Trying to start a new habit or replace a bad one with a new positive one is, shall we say, difficult? What we’re doing is trying to change our default behavior. A key to making the new habit stick is to anchor it to an existing habit. Until the new behavior is established as a habit, you will find that just relying on memory to make it happen will last no more than a few days. Then weeks will pass and the realization that you totally forgot to do the new thing after only 3 days will hit you like a palm flying into your forehead.
This is the stuff that major accomplishments are made so stick with me here. Anything and everything that can be relegated to the realm of productive HABITS should be done. This frees up the precious and very limited part of the brain needed to do push past fear, procrastination, and self-doubt to do new things that will actually move you toward reaching your big goals and the life you want. We call it ‘will-power’ and it is in short supply. If you use up all your will-power to try and get up earlier or make healthy eating choices every day, well, that’s about all there is. Think of it as a rechargeable battery. You can use it over and over but only in limited, time-bound amounts before it is depleted and needs to be plugged back in to recharge.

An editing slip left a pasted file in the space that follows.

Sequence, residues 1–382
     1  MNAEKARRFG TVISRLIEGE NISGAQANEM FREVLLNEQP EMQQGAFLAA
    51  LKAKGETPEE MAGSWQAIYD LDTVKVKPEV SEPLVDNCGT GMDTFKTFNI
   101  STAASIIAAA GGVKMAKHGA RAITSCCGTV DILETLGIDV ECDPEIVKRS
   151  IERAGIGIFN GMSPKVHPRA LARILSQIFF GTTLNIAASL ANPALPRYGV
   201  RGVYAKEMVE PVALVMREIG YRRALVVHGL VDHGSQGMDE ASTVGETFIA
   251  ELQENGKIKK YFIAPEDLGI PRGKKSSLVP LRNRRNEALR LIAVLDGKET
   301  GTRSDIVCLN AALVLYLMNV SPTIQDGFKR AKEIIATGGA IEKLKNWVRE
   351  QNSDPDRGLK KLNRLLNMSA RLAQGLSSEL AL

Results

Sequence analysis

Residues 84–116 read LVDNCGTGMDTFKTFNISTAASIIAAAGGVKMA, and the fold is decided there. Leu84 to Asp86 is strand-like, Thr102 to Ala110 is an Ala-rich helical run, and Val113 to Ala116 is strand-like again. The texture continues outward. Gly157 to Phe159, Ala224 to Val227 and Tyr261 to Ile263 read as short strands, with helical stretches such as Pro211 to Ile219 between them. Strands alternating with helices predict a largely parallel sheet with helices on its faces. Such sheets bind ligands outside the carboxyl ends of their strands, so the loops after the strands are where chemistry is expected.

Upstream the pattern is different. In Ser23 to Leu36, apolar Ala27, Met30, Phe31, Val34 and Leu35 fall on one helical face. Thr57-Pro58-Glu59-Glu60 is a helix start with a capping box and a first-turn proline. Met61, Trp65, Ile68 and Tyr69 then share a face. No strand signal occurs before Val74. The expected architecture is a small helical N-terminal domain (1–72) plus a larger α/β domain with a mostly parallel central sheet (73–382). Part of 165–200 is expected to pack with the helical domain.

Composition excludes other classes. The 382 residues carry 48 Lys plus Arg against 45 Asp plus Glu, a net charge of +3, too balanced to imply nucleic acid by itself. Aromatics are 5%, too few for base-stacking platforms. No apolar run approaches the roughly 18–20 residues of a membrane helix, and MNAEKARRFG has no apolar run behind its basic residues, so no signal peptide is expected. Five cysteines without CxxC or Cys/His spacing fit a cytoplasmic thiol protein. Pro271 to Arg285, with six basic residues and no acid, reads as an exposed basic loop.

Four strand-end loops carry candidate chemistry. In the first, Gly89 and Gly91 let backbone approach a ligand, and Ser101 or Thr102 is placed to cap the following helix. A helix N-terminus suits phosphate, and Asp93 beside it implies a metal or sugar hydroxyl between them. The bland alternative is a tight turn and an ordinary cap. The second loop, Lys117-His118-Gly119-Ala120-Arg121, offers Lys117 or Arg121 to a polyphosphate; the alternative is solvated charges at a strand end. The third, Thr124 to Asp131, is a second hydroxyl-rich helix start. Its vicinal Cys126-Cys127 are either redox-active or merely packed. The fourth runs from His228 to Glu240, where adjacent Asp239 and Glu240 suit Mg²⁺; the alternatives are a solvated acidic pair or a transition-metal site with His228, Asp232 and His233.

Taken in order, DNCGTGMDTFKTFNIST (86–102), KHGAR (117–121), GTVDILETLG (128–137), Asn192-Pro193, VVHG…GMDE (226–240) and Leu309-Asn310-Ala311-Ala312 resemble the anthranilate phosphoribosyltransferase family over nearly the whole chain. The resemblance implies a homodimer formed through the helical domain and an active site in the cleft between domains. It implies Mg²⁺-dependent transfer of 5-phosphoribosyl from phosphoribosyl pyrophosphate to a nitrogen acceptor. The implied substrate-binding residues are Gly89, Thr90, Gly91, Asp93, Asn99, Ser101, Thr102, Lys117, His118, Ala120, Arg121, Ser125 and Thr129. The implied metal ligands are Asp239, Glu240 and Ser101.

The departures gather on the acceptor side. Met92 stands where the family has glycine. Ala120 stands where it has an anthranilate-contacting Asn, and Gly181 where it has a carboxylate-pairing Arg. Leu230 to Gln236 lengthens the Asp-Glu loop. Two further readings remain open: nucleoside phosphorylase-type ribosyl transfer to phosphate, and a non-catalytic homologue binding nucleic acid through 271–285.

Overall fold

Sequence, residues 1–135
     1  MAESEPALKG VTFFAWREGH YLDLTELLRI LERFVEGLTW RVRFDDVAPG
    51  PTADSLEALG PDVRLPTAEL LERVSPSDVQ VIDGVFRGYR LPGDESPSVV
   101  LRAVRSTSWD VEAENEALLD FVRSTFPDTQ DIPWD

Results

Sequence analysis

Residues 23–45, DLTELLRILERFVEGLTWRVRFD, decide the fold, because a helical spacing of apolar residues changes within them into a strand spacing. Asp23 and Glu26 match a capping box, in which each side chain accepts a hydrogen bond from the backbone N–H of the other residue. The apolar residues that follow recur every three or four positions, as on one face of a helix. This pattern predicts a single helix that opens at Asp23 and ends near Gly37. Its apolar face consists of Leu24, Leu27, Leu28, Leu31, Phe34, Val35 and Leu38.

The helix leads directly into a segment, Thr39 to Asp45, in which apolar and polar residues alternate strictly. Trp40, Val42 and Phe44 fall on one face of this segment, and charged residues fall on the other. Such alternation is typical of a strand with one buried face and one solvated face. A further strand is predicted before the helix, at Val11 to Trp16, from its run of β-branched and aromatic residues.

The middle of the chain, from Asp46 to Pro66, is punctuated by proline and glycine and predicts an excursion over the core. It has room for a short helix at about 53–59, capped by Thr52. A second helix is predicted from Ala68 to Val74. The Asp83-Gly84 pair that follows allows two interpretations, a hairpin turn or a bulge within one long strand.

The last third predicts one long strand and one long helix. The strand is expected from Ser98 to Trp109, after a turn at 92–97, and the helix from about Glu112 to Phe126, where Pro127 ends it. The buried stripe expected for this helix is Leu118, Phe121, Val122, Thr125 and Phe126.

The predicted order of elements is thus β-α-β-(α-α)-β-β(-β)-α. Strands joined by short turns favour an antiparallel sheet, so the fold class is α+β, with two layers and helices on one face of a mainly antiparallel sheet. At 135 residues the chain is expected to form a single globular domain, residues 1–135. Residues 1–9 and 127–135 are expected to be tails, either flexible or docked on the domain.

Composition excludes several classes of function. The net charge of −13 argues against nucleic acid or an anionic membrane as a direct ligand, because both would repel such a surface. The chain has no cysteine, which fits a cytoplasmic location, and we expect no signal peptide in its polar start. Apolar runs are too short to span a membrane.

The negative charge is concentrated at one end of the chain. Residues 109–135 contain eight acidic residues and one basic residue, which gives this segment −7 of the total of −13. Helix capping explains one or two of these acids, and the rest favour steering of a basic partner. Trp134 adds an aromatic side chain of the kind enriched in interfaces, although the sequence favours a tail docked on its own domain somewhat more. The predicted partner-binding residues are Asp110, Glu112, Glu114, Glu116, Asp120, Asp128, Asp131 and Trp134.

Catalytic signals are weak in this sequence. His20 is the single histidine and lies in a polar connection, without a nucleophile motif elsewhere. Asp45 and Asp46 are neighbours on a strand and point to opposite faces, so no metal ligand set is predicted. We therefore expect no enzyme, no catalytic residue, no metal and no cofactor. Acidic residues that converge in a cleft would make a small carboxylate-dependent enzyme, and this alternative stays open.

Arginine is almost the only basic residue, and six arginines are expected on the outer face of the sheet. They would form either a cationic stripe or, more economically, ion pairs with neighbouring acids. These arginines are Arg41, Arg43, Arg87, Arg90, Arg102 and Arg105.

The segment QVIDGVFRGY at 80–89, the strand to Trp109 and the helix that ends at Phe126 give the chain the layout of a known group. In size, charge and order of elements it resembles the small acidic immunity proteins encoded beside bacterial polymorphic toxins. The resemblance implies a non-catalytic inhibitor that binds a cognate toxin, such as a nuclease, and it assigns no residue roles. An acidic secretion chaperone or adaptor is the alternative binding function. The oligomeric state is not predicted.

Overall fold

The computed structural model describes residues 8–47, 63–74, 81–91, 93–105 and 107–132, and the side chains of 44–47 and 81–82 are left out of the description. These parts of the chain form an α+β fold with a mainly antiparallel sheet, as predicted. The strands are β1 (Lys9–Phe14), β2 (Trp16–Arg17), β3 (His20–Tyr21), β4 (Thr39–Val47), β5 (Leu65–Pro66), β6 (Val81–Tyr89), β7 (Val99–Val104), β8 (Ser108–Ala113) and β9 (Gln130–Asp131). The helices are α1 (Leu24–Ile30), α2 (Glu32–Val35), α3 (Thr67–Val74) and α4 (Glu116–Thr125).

So once you’ve identified the new behavior you’d like to establish as a habit, how do you move it from the will-power side over to auto-pilot? You’ll need to choose something in your existing habits, your daily routine, that is very established. This means it is non-negotiable, like brushing your teeth, or a super entrenched activity, like making coffee. This creates a trigger to remind you to implement the new behavior.
Let’s look at an example. Say I want to start doing 25 sit-ups each weekday. I can either make it part of my morning or nightly routine. To make it part of my morning routine, I anchor it to making coffee. After I start the coffee maker I do 25 sit-ups. To further cement the habit, I also create a daily checkbox that I get to check off after I do my sit-ups. I really like to make lists and check things off so it reinforces the new behavior. After a few weeks, viola! It becomes a habit and I notice if I skip it.
Take action: Choose a positive behavior you would like to convert to a habit and anchor it to something in your daily routine.
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